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World Health Organization: Indoor Air Pollution and Health

World Health Organization: Indoor Air Pollution and Health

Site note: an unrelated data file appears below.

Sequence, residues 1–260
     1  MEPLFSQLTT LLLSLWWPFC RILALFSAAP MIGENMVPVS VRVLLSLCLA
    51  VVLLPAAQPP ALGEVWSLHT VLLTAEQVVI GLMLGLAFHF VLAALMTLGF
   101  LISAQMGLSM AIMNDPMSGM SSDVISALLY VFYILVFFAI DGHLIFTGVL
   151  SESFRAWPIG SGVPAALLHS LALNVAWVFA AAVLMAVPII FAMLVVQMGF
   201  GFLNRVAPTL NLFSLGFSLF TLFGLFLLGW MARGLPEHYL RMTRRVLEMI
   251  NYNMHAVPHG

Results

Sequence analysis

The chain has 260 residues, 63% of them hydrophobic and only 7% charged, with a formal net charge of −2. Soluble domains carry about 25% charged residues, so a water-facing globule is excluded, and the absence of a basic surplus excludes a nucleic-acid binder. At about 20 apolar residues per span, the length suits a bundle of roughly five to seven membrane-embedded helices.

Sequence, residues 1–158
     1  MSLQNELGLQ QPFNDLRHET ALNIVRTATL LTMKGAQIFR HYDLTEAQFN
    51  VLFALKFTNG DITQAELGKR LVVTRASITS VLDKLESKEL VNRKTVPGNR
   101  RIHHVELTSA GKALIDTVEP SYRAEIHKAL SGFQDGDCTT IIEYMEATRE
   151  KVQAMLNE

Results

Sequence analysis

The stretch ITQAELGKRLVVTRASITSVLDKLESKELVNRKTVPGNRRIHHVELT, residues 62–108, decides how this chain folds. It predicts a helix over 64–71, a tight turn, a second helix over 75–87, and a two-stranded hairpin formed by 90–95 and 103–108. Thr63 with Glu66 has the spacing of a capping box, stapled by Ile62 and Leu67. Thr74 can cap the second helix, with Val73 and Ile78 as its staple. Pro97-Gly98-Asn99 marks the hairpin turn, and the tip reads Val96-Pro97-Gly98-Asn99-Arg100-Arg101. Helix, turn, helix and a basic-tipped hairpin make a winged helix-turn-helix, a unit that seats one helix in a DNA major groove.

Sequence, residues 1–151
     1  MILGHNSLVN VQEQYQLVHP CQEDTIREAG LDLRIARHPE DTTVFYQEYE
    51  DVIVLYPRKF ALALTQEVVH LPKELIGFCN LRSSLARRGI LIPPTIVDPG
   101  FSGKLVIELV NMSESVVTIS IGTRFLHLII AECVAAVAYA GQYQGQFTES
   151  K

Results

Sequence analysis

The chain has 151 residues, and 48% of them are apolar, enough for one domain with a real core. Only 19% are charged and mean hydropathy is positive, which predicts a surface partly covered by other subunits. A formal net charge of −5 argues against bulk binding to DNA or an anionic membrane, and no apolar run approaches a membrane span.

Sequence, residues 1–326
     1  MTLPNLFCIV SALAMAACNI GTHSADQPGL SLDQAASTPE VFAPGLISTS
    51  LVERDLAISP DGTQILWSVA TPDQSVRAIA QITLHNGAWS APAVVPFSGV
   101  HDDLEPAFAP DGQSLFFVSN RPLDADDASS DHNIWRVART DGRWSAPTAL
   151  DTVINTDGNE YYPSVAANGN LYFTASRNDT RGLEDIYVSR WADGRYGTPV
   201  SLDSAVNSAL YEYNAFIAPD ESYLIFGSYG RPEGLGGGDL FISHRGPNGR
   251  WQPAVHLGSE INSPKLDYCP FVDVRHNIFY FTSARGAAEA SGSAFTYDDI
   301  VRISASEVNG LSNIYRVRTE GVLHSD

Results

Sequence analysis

According to the 2004 assessment of the International Energy Agency, the number of people relying on biomass fuels such as wood, dung and agricultural residues, for cooking and heating will continue to rise. Cooking and heating with such solid fuels on open fires or stoves without chimneys leads to indoor air pollution. This indoor smoke contains a range of health-damaging pollutants including small soot or dust particles that are able to penetrate deep into the lungs. The World Health Organization (WHO) has assessed the contribution of a range of risk factors to the burden of disease and revealed indoor air pollution as the 8th most important risk factor and responsible for 2.7% of the global burden of disease . Globally, indoor air pollution from solid fuel use is responsible for 1.6... Show More

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